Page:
Bryan Cranston is already being touted as an Oscar contender for Trumbo, a biopic of blacklisted screenwriter Dalton Trumbo, yet the man he plays had to watch on his living room TV set as screenplays he’d written but sold through front men—Roman Holiday in 1953, The Brave One in 1956—were honored at the Academy Awards. Trumbo was one of the industry’s most successful screenwriters when he joined the Communist Party in 1943; called to testify before the House Un-American Activities Committee in 1947, he refused to answer questions about his political associations and was charged with contempt of Congress, along with the rest of the “Hollywood Ten.” After serving 11 months in federal prison, he spent the 1950s cranking out anonymous screenplays; one of his most durable partnerships was with the poverty-row studio King Brothers Productions (an outfit played for laughs in the movie, with John Goodman as a cigar-chomping hustler). Not until 1960, when producer-star Kirk Douglas gave Trumbo an onscreen credit for Spartacus, did the writer work under his own name again.

Director Jay Roach is best known for broad comedies like Meet the Parents and the Austin Powers movies, and there’s a cartoonish quality to Trumbo, which boils down the Hollywood film community of the postwar era to a handful of familiar players: Douglas, John Wayne, Edward G. Robinson, Louis B. Mayer, Hedda Hopper, Otto Preminger. But as Cranston has pointed out, Trumbo was a pretty broad character himself, given to grand pronouncements and lacerating witticisms. As portrayed in Trumbo, he bides his time, certain that history will vindicate him. Thinking perhaps of Martin Ritt’s comedy The Front (1976), with Woody Allen, Roach plays up the more absurd aspects of the situation—a particularly funny sequence has Trumbo playing Preminger and Douglas against each other to see who will credit him first and get bragging rights for ending the blacklist.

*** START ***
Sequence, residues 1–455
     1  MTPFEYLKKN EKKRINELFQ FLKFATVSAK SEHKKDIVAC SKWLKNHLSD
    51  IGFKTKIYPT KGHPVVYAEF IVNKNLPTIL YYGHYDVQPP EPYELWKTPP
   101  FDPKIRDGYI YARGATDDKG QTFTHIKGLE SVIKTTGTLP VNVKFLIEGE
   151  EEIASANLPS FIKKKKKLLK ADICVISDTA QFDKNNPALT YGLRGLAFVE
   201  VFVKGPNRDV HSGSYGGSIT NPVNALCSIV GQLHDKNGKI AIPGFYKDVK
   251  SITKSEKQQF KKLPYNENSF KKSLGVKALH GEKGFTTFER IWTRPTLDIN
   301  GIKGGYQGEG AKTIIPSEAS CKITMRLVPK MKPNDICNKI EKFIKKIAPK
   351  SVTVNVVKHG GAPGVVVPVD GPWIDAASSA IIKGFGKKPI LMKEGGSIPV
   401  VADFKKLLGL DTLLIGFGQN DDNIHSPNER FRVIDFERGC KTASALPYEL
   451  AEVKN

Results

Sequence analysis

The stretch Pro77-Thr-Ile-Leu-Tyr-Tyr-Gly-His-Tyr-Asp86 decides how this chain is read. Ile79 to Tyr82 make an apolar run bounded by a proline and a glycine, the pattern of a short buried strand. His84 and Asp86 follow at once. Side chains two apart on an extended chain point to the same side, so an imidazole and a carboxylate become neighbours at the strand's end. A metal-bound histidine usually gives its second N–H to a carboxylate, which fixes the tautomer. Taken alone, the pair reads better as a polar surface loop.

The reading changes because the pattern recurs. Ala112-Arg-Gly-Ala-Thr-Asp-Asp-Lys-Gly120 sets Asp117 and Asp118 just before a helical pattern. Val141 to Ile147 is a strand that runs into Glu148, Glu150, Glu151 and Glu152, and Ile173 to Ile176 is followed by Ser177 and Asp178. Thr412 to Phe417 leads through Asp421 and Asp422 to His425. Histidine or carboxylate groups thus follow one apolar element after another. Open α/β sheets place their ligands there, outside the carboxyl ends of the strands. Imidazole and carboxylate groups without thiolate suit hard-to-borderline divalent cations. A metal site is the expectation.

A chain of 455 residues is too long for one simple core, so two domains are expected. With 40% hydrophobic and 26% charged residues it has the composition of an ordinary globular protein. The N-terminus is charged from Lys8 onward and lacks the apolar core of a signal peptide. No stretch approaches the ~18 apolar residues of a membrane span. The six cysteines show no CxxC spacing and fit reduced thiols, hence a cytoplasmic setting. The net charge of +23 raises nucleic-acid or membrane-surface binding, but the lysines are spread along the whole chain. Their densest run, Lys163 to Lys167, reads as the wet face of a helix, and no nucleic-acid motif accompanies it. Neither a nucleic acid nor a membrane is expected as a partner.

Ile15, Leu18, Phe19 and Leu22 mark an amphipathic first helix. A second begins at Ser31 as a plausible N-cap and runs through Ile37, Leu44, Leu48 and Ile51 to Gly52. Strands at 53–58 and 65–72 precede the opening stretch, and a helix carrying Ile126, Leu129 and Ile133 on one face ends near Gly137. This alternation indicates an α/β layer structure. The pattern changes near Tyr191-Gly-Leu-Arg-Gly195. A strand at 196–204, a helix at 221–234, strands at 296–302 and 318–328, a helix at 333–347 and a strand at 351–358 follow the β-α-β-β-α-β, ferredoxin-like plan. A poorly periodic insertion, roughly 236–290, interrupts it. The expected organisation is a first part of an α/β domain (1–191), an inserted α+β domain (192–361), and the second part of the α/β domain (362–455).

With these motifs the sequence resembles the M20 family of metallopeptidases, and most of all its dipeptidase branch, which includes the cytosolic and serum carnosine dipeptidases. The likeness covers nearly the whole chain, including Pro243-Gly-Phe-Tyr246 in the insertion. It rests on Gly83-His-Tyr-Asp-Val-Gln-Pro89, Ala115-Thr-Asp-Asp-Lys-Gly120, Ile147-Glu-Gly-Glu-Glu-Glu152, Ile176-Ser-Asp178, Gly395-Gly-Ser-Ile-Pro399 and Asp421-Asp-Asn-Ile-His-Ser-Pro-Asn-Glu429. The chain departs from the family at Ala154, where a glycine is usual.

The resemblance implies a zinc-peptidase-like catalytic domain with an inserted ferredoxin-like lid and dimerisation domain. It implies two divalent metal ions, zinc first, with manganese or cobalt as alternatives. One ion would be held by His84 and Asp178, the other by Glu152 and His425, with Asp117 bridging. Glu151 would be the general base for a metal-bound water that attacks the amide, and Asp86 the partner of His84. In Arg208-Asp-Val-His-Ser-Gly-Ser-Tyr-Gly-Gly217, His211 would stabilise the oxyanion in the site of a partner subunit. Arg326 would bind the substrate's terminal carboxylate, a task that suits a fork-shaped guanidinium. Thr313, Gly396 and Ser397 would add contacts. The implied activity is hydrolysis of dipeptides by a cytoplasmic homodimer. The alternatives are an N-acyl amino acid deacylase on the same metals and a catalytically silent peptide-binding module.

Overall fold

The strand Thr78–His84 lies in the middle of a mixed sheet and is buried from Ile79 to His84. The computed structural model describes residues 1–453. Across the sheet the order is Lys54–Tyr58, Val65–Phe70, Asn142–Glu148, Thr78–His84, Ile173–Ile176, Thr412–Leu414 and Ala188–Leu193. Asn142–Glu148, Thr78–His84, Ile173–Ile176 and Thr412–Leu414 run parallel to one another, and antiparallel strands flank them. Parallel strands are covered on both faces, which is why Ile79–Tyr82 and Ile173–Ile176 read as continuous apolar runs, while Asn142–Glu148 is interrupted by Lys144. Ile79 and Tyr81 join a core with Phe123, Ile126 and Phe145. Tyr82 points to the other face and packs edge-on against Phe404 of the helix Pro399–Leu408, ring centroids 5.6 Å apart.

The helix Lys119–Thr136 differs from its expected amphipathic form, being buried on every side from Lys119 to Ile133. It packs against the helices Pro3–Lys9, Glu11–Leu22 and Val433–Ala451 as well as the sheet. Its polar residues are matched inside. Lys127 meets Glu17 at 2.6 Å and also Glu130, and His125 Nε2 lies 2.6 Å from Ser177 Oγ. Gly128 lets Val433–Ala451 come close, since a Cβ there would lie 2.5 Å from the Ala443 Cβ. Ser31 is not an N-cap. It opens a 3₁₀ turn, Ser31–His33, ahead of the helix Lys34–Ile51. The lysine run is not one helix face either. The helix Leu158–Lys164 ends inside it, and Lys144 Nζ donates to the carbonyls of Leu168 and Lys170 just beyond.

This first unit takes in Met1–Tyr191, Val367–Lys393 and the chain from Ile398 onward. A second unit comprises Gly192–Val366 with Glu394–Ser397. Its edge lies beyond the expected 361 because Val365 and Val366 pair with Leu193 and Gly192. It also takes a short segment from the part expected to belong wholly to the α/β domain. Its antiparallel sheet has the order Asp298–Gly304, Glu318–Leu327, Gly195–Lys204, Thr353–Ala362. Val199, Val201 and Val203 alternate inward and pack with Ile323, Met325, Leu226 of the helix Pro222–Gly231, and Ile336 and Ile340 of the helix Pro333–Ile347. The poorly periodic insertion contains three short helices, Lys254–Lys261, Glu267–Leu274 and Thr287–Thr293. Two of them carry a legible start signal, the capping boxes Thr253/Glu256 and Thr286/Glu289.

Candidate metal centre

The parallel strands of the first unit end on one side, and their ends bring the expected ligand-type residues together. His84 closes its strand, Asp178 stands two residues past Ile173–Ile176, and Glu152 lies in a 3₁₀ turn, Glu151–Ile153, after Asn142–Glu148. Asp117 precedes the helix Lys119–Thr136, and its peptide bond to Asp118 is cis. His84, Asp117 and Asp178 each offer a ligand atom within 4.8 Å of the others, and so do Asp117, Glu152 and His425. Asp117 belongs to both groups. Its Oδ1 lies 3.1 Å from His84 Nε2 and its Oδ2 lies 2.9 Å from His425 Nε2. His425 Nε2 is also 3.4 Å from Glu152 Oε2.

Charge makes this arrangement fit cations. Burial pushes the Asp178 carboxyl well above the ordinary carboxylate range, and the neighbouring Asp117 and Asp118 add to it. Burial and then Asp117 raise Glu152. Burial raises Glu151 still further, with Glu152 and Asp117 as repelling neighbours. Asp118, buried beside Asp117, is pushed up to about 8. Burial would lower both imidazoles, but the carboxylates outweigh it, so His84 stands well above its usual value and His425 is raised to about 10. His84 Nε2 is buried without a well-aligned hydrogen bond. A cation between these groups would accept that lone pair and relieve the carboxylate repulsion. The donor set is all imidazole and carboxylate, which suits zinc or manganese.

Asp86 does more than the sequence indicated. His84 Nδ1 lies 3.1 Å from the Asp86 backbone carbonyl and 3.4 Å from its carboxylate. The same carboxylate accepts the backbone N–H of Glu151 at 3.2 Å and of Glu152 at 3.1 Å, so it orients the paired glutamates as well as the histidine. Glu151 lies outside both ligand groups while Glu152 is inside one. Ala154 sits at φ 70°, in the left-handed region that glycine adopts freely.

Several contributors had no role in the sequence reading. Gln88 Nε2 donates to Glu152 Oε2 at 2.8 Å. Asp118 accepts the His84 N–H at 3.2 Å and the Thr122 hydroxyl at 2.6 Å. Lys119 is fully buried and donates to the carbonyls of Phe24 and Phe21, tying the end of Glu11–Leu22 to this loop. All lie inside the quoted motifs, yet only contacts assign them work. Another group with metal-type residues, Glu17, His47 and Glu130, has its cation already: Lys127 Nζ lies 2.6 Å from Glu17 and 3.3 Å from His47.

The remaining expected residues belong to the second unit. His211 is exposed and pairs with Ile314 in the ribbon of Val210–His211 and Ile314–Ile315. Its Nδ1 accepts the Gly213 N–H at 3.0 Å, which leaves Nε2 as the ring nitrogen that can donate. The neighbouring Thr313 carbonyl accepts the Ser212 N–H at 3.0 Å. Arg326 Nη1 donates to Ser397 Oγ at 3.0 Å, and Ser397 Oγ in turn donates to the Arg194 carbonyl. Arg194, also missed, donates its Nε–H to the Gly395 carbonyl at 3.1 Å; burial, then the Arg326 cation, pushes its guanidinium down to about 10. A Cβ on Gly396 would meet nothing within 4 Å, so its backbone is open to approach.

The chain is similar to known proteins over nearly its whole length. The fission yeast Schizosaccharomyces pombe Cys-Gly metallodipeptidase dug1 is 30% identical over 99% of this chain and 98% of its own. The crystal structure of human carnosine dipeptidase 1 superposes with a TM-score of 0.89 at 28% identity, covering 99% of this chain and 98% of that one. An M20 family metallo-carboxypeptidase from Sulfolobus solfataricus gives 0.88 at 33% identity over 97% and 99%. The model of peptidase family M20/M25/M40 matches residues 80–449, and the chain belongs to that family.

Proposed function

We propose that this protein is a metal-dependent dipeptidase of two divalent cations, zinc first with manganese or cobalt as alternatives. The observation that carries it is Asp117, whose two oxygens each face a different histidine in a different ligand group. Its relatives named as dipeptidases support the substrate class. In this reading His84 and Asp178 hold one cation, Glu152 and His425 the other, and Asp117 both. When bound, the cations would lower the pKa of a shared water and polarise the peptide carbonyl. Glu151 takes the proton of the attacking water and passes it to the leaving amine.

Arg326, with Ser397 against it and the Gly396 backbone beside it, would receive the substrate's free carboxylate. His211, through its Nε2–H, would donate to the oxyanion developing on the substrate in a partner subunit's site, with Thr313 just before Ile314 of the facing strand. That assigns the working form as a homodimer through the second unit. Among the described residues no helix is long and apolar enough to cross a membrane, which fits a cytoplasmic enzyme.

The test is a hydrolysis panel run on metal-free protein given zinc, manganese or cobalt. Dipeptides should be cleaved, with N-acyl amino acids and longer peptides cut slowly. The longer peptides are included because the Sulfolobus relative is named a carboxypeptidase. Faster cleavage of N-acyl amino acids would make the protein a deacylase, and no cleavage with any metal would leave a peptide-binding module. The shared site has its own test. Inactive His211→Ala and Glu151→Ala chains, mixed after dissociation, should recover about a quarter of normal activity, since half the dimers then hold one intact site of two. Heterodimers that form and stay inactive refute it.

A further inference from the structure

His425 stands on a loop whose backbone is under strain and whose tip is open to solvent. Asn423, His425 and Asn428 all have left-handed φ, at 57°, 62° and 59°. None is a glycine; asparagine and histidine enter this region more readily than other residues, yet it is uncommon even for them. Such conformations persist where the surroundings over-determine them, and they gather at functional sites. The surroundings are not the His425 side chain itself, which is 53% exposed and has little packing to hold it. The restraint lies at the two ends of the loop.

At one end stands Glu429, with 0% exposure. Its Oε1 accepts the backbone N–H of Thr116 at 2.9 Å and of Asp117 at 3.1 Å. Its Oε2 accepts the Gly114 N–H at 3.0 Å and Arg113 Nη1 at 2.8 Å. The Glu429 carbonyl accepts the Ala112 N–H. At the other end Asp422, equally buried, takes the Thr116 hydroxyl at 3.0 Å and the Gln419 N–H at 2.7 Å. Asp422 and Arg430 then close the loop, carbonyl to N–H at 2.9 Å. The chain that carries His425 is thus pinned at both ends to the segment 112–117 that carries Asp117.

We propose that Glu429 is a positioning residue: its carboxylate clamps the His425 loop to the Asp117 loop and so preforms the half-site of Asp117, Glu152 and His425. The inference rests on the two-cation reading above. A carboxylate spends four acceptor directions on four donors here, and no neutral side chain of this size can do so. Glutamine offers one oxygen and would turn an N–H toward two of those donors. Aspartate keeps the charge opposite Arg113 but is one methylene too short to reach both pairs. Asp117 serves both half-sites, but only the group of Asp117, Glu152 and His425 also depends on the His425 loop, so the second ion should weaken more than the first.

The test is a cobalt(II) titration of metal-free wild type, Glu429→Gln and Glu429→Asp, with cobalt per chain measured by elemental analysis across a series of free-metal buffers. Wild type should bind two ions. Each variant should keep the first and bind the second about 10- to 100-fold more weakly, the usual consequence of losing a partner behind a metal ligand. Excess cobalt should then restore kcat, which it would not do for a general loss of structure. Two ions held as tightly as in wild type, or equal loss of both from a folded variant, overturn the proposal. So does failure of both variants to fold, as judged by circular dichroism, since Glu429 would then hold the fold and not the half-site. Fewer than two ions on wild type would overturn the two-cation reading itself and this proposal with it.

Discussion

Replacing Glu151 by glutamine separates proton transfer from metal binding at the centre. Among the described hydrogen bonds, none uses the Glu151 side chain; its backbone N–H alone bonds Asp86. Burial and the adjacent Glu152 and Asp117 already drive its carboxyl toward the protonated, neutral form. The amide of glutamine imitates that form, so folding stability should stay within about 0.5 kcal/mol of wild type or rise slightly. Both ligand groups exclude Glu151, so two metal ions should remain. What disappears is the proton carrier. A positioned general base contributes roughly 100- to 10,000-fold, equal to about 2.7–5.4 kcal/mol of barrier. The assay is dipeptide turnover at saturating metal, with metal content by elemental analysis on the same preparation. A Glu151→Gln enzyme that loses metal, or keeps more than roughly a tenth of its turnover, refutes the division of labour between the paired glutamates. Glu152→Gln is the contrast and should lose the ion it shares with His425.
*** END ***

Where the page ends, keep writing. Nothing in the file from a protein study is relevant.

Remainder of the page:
These scenes are also counterbalanced with more private ones involving Trumbo’s wife, Cleo (Diane Lane, excellent), and eldest daughter, Niki (Elle Fanning), that show the true emotional toll on the family. A fair amount of Trumbo transpires in their home, where the writer sits in his bathtub day and night, drinking and banging out one screenplay after another on his manual typewriter. The neighbors shun them, and the children have to deal with their father being pilloried by classmates. Trumbo’s predicament becomes their predicament, and resentment builds despite their best efforts to help each other. Slowly but surely Trumbo is ground down by the experience, no matter how upbeat and determined his public statements may be. “This worthless statue has the blood of my friends all over it,” Trumbo declares when someone tries to give him one of the Academy Awards he earned. There’s one you’ll never hear on Oscar night.  v